It is no secret that today’s retail landscape is more crowded and competitive than ever before. Online merchants and specialty retailers have forced consolidation and store closures among traditional big box chains and department stores, with some retailers expected to shutter nearly half of their existing doors in coming years . Amazon, which is redefining convenience and the shopping experience through an ever expanding branded and private label apparel assortment as well as through new offerings like Prime Wardrobe , remains the single greatest threat on the competitive spectrum to traditional retail. On the flipside, specialty retailers and boutiques are also capitalizing on consumers’ increasing tendency of eschewing big brands. So what is a department store to do to remain competitive in the face of this shift toward online and differentiated, convenience driven retail ? Nordstrom is trying to answer that question, and has begun to do so by investing in inventory visibility across its e-commerce site and brick-and-mortar fleet.
Nordstrom was among the first in the industry to recognize the value of providing consumers with inventory visibility across the entire network of its stores as well as its online platform . In doing so, the company was able to effectively leverage its network of brick-and-mortar locations as mini distribution centers, providing consumers with immediate product visibility and access, and consequently preventing potentially lost sales. While that strategy proved timely and prescient, Nordstrom (and department stores more generally) face a much greater threat going forward as Amazon becomes poised to overtake Macy’s as the largest apparel retailer in the U.S. .
What Has Nordstrom Done?
In the near term, Nordstrom has addressed this marketplace shift by connecting the digital and in-store experience with its style boards. This digital-selling tool leverages the company’s core expertise in customer service and enables consumers to receive personalized product recommendations on their phones . The company has also attempted to refresh its assortment by collaborating with other highly sought after brands such as Warby Parker, Goop, and Everlane. Nordstrom has also partnered with key digital influencers such as the popular fashion blog, Something Navy, to launch an exclusive collection with its in house Treasure & Bond brand.
In the medium to long term, Nordstrom has chosen to address the threat of online and specialty retail by increasing investment in differentiated retail experiences such as its value-oriented Nordstrom Rack doors and Nordstrom Local , which are small format brick-and-mortar doors that will not carry any inventory, but rather act as style salons for consumers to work with personal stylists to trial and select product for later delivery. Consistent with its historical emphasis on service and convenience, Nordstrom will allow consumers to buy online and pick up in store at Nordstrom Local locations.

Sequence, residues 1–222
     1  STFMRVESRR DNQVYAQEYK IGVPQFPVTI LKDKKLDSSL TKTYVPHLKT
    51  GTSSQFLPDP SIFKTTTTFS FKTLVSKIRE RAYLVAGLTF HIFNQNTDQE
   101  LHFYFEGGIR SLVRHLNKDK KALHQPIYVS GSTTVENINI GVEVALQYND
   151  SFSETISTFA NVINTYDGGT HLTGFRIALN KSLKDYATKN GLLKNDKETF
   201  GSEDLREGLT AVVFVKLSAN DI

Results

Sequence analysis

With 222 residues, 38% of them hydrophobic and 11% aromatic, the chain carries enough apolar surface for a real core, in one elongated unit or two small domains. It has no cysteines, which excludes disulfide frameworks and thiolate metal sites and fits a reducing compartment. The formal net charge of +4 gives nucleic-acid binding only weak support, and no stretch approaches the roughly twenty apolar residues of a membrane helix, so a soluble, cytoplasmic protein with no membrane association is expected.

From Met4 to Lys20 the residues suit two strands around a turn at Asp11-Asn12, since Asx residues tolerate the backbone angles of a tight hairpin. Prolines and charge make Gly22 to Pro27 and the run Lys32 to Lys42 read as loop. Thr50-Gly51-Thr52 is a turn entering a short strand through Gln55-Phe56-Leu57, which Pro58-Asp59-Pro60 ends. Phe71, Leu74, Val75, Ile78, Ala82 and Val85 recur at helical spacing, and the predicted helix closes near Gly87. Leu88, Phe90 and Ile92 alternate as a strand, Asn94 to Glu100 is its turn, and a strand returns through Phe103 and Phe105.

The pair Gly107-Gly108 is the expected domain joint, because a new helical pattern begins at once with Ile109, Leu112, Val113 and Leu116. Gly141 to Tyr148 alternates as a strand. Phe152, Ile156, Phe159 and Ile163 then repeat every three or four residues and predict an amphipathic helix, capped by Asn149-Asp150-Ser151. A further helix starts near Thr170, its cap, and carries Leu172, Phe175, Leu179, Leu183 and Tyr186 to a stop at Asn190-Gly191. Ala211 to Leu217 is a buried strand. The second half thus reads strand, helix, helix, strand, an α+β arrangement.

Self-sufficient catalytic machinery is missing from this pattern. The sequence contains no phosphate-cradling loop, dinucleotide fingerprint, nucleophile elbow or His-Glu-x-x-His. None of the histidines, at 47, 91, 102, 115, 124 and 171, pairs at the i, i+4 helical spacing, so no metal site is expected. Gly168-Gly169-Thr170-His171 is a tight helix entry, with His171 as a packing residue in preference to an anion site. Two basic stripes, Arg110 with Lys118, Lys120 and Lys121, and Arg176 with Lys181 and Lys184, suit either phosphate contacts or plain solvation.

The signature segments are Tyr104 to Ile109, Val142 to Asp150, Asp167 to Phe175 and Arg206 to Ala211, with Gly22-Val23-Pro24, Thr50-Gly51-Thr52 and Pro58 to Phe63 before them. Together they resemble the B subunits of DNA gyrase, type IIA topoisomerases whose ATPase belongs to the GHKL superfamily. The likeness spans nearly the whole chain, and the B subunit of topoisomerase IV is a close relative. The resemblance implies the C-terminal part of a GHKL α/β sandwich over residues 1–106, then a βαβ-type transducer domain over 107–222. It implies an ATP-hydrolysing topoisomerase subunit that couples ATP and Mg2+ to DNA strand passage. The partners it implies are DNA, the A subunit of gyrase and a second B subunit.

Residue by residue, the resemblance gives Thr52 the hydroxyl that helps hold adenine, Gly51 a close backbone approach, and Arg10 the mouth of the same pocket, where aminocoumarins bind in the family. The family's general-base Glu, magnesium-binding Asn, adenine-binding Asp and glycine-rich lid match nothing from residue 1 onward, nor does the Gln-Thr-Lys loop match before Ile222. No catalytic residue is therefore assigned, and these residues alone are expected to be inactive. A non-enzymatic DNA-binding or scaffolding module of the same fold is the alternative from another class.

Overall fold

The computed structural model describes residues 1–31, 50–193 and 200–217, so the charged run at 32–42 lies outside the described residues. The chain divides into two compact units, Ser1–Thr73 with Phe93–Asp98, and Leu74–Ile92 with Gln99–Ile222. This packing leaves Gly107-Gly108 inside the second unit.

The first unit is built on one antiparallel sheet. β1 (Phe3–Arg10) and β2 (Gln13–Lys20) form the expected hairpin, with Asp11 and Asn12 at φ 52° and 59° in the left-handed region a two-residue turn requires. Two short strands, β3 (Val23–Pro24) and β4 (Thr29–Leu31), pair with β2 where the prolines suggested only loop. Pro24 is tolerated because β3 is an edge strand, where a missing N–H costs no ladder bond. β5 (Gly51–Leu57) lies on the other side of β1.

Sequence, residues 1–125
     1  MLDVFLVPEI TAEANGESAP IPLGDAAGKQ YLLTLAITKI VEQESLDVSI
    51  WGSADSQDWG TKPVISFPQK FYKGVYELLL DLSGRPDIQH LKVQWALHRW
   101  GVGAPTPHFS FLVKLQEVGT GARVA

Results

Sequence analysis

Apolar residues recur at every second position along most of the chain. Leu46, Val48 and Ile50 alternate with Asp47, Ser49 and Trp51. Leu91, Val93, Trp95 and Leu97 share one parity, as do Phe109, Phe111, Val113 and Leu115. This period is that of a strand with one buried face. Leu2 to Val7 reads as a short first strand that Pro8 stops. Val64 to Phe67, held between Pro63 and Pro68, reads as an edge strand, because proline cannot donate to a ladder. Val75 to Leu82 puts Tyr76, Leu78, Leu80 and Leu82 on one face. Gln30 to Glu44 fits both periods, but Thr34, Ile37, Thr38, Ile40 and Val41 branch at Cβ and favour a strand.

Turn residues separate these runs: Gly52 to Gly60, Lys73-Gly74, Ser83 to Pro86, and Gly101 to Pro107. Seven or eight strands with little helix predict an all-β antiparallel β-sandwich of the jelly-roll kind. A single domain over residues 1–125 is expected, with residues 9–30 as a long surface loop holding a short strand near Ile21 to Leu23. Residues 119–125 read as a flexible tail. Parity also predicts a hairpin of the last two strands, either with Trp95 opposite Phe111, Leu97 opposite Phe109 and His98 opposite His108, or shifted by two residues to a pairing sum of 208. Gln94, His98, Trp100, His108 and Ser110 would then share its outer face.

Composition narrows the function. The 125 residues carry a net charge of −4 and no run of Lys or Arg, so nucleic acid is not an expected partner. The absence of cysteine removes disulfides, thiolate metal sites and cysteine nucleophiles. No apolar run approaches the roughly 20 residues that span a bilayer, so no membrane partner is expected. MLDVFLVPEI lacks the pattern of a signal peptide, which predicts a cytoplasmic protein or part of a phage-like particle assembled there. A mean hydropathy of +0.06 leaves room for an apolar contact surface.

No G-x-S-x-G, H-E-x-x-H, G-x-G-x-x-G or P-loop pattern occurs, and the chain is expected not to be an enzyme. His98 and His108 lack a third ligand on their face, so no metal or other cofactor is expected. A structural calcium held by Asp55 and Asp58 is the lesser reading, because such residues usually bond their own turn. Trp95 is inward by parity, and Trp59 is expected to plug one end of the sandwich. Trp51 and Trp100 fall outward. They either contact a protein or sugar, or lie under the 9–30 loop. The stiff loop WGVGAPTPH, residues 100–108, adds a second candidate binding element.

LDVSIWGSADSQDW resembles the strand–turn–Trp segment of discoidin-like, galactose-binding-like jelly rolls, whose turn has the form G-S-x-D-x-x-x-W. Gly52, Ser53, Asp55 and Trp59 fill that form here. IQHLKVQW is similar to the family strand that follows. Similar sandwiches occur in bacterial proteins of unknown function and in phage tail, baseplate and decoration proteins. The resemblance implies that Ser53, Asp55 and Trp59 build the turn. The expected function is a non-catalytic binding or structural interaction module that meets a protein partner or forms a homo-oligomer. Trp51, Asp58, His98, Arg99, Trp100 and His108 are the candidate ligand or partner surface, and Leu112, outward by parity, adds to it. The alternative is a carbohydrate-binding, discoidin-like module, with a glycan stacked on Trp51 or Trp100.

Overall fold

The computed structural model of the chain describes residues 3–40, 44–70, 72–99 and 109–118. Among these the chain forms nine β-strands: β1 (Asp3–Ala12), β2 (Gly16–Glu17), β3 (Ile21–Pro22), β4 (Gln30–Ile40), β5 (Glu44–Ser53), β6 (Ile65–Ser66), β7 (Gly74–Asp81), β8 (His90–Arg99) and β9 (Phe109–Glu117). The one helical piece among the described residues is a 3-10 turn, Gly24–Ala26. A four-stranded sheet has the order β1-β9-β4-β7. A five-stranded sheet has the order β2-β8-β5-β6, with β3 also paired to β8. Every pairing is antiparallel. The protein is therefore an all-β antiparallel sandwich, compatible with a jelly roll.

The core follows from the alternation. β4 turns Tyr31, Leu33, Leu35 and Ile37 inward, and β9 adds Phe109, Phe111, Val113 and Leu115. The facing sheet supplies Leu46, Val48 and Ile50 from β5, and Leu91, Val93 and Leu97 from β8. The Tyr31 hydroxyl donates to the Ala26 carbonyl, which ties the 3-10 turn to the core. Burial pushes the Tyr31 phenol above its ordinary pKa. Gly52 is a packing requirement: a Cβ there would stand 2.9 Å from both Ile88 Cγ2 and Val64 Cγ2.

In addition to the steps that Nordstrom has publicly announced, the company should consider other ways in which it can differentiate its retail experience, assortment, and supply chain to improve its competitive advantage. As more well renowned brands like Nike begin to sell on Amazon  at the expense of other channels, Nordstrom should proactively seek to partner with some of its top vendors to create a more integrated consumer experience, broader assortment, and flexible inventory model across the entire marketplace, beyond just its own stores and website. One recommendation of how Nordstrom could do this is by partnering with brands to offer a broader (or even complete) assortment of their products on its website via a seamless drop-ship model . In doing so, Nordstrom would be able to offer an enhanced and more competitive assortment at little to no incremental inventory carrying cost, while its vendors would be able to generate additional sales via the traffic Nordstrom generates to its site.
A second potential recommendation would be to partner with some of those same vendors to hold centralized pools of inventory, the logistics and fulfillment of which could be run by either Nordstrom or the vendor, or a third-party logistics provider. This pooled inventory model would have the effect of: seamlessly and strategically broadening the total assortment Nordstrom is able to offer; allowing both Nordstrom and its partner to gather more consumer data on shopping behaviors (which incidentally Amazon is able to do well because of its scale and reach); driving margin expansion through an affiliate based reimbursement model ; and lowering aggregate inventory carrying costs across the marketplace  by capitalizing on shared consumer and POS data that can drive more informed merchandising and buying decisions.
Practical concerns arise from either proposal: Would partnering with certain vendors preclude Nordstrom from working with others due to data sharing concerns? Do the benefits (e.g. revenue upside) outweigh the costs of the back-end investment necessary to integrate the inventory management systems of Nordstrom and these vendors?
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